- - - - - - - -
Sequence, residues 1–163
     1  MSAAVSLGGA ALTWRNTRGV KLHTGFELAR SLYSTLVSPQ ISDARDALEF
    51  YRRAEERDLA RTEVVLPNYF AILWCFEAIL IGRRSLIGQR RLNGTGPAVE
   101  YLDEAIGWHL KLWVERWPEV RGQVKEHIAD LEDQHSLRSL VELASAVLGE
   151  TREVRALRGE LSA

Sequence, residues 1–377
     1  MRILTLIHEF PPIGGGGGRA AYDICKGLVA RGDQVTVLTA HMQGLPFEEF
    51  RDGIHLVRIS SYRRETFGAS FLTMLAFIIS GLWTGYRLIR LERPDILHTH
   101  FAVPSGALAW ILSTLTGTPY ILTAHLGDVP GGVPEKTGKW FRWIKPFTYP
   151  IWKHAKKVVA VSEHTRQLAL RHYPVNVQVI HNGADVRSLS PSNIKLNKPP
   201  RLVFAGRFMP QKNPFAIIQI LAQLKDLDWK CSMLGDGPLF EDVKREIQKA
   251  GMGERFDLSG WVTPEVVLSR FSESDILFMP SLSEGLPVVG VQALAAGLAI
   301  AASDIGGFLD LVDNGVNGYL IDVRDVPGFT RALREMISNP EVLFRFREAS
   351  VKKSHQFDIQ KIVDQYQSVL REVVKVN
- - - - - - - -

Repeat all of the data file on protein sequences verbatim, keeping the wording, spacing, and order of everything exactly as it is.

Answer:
Sequence, residues 1–163
     1  MSAAVSLGGA ALTWRNTRGV KLHTGFELAR SLYSTLVSPQ ISDARDALEF
    51  YRRAEERDLA RTEVVLPNYF AILWCFEAIL IGRRSLIGQR RLNGTGPAVE
   101  YLDEAIGWHL KLWVERWPEV RGQVKEHIAD LEDQHSLRSL VELASAVLGE
   151  TREVRALRGE LSA

Sequence, residues 1–377
     1  MRILTLIHEF PPIGGGGGRA AYDICKGLVA RGDQVTVLTA HMQGLPFEEF
    51  RDGIHLVRIS SYRRETFGAS FLTMLAFIIS GLWTGYRLIR LERPDILHTH
   101  FAVPSGALAW ILSTLTGTPY ILTAHLGDVP GGVPEKTGKW FRWIKPFTYP
   151  IWKHAKKVVA VSEHTRQLAL RHYPVNVQVI HNGADVRSLS PSNIKLNKPP
   201  RLVFAGRFMP QKNPFAIIQI LAQLKDLDWK CSMLGDGPLF EDVKREIQKA
   251  GMGERFDLSG WVTPEVVLSR FSESDILFMP SLSEGLPVVG VQALAAGLAI
   301  AASDIGGFLD LVDNGVNGYL IDVRDVPGFT RALREMISNP EVLFRFREAS
   351  VKKSHQFDIQ KIVDQYQSVL REVVKVN